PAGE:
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Columnists

Adopt political innovations and inclusivity

 

Henry Ford once said: “Failure is simply the opportunity to begin again, this time more intelligently.”

Devolution in Kenya seems to be headed in the wrong direction. But we should not accede to failure. This perhaps is the greatest opportunity to begin again.

If the Members of the County Assembly (MCAs) are the problem, then let us see the opportunity that is hidden in this problem and come up with an innovative solution.

Problems precipitate innovation and the more we understand the problem, the easier it becomes to provide a solution. Whilst in technology innovations are the norm, political innovations are rare but when they happen, and depending on who leads the process, it can be catastrophic.

Liberally defined, innovation can refer to many things including those that we see in politics. Synonyms for innovation include: change, alteration, revolution, upheaval, transformation, metamorphosis, breakthrough and more. Innovations, therefore, must be managed.

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It is perhaps why the National Intelligence Service (NIS) warned that the problem of youth unemployment is a major security threat. To put NIS warning into perspective, one needs to read Acemoglu and Robinson’s book Why Nations Fail: The Origins of Power, Prosperity and Poverty. Their findings centre on how economic and political policies are applied and whether such policies are inclusive or extractive.

They argue that although policies around economic intuitions are important, political institutions play a key role in shaping them. In most instances, they found that success was dependent on how inclusive institutional policies are.

They further argue that an inclusive political system would certainly enable an inclusive economic system. Inclusive systems provide “incentives for people to acquire skills, work hard, save, invest, and, most importantly, innovate.”

When, for example, MCAs spend most of their time travelling and when they get back home, they decide to retreat to expensive resorts for budget meetings, it demonstrates lack of sensitivity to the citizens and creates a sense of exclusivity. Parliament, too, does things that demonstrate a sense of exclusivity.

Article 1 section 1 and 2 of the Constitution allows that, “All sovereign power belongs to the people of Kenya and are exercised only in accordance with this Constitution”, and that, “The people may exercise their sovereign power either directly or through their democratically elected representatives.”

We have the power to innovate new ways of lessening the perceptions of exclusivity and possibly make huge savings that can be ploughed into new productive sectors to create jobs.

It is possible to create virtual identity for every citizen to become a participant in all decisions made by MPs as well as the MCAs. The infrastructure is in place and when Parliament or the county assembly wants to increase their salaries, it doesn’t get implemented until citizens approve virtually through their mobile phones.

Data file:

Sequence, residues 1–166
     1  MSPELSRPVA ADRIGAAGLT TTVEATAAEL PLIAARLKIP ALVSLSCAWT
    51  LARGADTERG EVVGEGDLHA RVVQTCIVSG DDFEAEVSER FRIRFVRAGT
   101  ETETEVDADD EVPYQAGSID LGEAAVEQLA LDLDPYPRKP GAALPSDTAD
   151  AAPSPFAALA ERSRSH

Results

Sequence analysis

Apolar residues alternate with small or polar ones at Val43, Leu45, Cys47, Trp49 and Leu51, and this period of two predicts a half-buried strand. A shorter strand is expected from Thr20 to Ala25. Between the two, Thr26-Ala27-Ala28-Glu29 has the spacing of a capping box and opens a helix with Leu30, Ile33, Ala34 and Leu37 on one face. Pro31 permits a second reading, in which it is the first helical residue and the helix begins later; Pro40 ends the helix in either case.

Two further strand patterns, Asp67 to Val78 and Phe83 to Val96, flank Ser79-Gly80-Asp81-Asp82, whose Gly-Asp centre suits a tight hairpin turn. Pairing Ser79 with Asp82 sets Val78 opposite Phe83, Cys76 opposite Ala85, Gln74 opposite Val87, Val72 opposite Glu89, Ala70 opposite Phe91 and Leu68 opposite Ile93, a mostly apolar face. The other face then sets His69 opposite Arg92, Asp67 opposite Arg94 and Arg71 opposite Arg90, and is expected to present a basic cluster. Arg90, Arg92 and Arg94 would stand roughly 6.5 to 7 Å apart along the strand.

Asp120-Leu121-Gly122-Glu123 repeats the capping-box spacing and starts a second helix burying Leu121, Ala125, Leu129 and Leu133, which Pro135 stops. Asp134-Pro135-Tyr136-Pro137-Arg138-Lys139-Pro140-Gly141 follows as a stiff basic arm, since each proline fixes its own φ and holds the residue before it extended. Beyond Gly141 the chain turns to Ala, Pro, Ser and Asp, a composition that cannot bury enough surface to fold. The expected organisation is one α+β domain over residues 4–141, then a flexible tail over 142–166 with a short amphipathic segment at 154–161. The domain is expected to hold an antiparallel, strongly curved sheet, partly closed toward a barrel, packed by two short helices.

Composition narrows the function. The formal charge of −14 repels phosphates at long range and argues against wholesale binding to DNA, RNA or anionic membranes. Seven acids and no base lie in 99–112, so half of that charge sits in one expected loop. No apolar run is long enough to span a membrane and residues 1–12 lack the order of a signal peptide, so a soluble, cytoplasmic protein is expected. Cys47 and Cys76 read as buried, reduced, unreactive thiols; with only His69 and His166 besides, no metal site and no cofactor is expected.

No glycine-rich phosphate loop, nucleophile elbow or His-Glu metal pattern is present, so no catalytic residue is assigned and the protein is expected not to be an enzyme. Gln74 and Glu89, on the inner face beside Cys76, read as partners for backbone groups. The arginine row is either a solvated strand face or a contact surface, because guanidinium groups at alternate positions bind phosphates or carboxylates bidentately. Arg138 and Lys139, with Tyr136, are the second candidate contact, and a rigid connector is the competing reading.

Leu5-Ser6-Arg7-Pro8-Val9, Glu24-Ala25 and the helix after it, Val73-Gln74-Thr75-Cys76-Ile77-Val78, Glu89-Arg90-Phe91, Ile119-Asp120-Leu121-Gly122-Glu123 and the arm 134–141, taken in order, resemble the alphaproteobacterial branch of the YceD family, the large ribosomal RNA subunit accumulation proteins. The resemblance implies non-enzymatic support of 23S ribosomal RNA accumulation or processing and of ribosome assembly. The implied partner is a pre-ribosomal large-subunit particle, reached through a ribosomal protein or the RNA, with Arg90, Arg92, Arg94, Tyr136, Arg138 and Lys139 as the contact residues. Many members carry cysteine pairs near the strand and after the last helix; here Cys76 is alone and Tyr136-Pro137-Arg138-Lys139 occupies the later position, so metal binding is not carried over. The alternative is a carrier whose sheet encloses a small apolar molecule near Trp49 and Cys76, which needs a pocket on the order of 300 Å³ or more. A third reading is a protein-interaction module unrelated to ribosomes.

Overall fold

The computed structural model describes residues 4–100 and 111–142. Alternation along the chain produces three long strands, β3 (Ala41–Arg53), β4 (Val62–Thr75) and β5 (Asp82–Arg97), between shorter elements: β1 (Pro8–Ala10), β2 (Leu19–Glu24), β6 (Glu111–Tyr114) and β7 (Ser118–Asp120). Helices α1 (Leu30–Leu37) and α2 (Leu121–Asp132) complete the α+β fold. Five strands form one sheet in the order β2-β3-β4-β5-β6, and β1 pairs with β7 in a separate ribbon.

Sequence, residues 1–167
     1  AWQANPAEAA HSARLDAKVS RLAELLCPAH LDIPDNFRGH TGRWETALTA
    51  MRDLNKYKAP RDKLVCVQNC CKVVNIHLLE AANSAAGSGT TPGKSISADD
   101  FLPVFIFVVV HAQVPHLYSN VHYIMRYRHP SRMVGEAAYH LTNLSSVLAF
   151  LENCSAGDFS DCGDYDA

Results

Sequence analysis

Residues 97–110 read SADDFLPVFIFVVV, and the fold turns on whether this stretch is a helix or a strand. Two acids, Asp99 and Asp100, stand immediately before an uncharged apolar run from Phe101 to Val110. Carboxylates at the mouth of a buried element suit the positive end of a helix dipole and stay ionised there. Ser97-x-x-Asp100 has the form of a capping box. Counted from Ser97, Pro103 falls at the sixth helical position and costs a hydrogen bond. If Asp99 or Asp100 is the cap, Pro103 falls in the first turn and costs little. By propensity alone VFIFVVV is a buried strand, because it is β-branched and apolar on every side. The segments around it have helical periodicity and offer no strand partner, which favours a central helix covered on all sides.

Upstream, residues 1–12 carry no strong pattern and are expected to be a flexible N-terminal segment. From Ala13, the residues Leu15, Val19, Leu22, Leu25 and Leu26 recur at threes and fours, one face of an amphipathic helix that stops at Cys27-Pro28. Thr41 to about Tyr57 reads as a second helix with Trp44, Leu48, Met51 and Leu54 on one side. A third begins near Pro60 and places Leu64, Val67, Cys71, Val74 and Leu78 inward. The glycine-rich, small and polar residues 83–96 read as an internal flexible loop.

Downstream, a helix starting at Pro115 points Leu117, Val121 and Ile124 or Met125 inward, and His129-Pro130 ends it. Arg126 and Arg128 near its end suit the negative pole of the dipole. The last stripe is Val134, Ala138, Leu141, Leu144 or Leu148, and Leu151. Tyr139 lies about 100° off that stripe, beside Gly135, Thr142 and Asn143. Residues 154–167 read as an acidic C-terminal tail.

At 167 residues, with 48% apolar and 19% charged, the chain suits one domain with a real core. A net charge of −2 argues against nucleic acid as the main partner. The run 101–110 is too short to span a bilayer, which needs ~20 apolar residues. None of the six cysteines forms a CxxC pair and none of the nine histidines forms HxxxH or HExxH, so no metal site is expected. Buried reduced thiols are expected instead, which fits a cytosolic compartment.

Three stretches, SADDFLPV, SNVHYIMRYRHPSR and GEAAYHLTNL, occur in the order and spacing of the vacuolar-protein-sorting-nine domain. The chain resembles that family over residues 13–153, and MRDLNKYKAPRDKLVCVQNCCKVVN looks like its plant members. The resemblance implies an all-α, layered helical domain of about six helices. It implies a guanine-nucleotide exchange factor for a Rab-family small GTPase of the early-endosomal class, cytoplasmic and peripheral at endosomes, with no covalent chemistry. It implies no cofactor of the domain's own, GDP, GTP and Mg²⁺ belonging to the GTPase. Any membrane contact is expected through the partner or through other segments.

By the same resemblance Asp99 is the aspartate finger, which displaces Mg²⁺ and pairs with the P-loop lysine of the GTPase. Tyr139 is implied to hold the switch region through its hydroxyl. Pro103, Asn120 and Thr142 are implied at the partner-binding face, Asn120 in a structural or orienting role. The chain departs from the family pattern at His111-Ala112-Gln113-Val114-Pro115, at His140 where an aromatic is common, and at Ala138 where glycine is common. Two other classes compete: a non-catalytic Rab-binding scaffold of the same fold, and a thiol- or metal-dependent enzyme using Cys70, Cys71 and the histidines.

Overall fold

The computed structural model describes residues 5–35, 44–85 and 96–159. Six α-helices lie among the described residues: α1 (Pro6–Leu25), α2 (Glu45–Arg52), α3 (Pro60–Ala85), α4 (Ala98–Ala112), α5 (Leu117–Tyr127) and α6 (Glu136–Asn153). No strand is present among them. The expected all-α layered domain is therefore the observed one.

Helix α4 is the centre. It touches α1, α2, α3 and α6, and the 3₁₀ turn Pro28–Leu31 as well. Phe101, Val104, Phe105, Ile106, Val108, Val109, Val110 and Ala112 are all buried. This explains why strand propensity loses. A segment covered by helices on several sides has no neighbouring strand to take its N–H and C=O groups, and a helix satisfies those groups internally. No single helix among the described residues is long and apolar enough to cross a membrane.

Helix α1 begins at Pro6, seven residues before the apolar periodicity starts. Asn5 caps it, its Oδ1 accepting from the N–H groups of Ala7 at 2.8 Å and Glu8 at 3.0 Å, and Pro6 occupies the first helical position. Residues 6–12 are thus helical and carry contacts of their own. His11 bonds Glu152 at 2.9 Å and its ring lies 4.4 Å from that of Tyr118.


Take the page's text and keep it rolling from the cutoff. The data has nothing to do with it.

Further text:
This is referred to as the public key infrastructure (PKI) which as defined by wikimedia is a set of hardware, software, people, policies, and procedures needed to create, manage, distribute, use, store, and revoke digital certificates.

In cryptography, a PKI is an arrangement that binds public keys with respective user identities by means of a certificate authority (CA). Each citizen will have a CA for regular public approval voting and even voting during the General Election.

This innovation will likely trigger widespread digitalisation of government registries leading to greater efficiency and reduction in corruption.

I recall the digitisation of the Lands banking hall that led to increase in revenue from Sh800 million to Sh9 billion within a year. If the back end of the Lands registry is digitised, revenue can shoot up by four to five times.

The digitisation process countrywide will require more than 30,000 youth in new employment and paid from the efficiencies created. The same can be done to other government registries, activating a formal process of dealing with corruption in Kenya but at the same time create jobs.

This will perhaps present the greatest opportunity to demonstrate inclusivity since corruption only benefits a few and creates great inequality in the society.

In a blog post, Tim Davis argues that ICT interventions are key to transactional and transparency reforms. Transactional reforms seek to reduce the space for corrupt activity by controlling and automating processes inside government, or seek to increase the detection of corruption by increasing the flow of information into existing government oversight and accountability mechanisms.

Transparency reforms, by contrast, focus on increasing external rather than internal control over government actors by making the actions of the state and its agents more visible to citizens, civil society and the private sector.

The writer is a senior lecturer, University of Nairobi and a former permanent secretary, Ministry of Information and Communication.

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